About The Speaker
Sheryl Cababa is an Executive Creative Director at Artefact and has more than 20 years of experience in product
About The Talk
The world has been jarred awake by tech gone wrong. We are realizing that the effects of our most celebrated products are not always positive – and that for every advancement, there is a potential unintended impact. Asking whether we should, is just as important as asking whether we could.
We at Artefact have been creating methods in our practice for having those hard conversations and connecting them to our work. The way to do this is to surface the outcomes – both the ones you want to happen, and the ones you want to avoid – during the creative process. In this session, you’ll learn:
- cautionary tales where decisions led to unintended consequences
- key areas of focus to become a more outcomes-oriented creator
Plus, discover a special creative tool to help you gaze into the future of your product or service.
Sheryl will also be hosting a full-day workshop on March 21st on “Outcomes-focused design”:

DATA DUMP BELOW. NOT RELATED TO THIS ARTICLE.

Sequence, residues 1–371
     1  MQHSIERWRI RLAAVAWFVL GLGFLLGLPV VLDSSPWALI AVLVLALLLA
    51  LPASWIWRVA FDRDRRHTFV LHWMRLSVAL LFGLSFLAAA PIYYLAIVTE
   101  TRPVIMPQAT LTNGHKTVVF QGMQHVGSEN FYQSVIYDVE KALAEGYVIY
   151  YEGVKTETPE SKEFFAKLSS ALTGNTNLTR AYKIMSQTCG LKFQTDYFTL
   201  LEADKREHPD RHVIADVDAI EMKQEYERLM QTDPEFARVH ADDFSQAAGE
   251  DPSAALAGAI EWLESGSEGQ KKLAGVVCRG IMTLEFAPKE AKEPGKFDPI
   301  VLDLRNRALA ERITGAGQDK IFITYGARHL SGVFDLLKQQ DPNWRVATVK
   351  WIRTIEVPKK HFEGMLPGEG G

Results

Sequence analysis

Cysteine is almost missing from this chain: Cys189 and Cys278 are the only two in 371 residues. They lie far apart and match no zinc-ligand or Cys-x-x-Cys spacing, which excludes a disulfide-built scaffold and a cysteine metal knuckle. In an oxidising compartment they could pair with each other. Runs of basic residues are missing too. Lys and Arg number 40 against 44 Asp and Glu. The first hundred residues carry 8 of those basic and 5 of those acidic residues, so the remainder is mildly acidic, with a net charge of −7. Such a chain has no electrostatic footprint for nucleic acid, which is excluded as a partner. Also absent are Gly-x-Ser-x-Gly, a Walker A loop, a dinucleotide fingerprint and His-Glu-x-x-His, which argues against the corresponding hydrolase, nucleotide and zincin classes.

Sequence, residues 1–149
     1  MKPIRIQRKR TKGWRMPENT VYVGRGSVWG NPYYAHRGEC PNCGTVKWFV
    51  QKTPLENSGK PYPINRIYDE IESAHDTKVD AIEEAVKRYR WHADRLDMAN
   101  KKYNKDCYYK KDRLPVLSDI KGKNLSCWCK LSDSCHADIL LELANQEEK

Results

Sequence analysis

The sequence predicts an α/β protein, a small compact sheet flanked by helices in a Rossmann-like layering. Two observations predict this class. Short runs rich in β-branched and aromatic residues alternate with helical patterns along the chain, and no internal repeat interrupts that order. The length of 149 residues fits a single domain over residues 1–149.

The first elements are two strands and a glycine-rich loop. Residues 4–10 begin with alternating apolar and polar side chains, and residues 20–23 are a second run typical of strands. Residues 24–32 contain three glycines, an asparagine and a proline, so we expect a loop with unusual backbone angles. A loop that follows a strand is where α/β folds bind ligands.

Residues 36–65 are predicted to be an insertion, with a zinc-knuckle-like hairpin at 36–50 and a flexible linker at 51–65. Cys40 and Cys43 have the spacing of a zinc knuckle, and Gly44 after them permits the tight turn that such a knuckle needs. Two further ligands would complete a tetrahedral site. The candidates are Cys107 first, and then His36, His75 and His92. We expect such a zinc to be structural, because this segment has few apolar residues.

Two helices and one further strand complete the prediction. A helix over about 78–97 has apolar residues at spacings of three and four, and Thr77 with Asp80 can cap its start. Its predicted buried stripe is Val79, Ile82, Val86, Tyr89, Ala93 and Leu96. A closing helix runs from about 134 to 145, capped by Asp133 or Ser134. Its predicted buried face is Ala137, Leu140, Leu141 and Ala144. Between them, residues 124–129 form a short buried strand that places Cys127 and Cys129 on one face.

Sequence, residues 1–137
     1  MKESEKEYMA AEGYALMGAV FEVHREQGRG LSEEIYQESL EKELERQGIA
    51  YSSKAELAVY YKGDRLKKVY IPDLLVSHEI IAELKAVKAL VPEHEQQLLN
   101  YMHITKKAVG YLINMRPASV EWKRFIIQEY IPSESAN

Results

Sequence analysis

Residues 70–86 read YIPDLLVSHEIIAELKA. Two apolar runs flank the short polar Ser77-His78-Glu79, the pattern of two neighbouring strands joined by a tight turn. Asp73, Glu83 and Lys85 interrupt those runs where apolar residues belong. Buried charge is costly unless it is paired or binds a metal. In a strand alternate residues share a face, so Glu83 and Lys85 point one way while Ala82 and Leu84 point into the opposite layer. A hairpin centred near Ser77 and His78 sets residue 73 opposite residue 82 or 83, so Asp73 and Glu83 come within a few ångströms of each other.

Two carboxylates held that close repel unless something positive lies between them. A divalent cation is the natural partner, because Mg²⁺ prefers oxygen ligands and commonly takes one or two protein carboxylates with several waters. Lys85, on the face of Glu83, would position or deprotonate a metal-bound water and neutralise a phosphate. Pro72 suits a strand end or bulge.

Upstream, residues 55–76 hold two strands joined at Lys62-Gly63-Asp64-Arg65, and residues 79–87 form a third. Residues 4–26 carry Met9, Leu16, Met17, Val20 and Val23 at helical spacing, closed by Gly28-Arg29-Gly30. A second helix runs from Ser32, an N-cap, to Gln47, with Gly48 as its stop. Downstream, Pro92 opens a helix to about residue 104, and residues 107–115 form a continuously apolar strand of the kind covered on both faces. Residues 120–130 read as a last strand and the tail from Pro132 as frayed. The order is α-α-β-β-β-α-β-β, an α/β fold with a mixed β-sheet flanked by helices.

About the workshop ”Envisioning Outcomes to Build Better Products”
Instead of “move fast and break things,” it’s time to slow down and ask the right questions of our tech products.
After years creating products that engage the user and keep them coming back for more, the tech + design community is realizing that the consequences of delight at scale aren’t so enchanting after all. Fake news, smartphone addiction and dirty tricks with data have demonstrated that delightful products don’t have inherently good outcomes.
But the impact of technology doesn’t have to come as a surprise. We can build more trustworthy and transparent products by surfacing their outcomes during the design process—both the ones you want to happen, and the ones you want to avoid.
This session will help you tackle the ghosts of technology future and build better products using outcomes-focused strategies and tools. Learn how to think beyond the immediate benefits of product use to identify potential unintended consequences and design things that contribute to a desired outcome—for the user and at scale.
Slides from Sheryl’s talk are available here: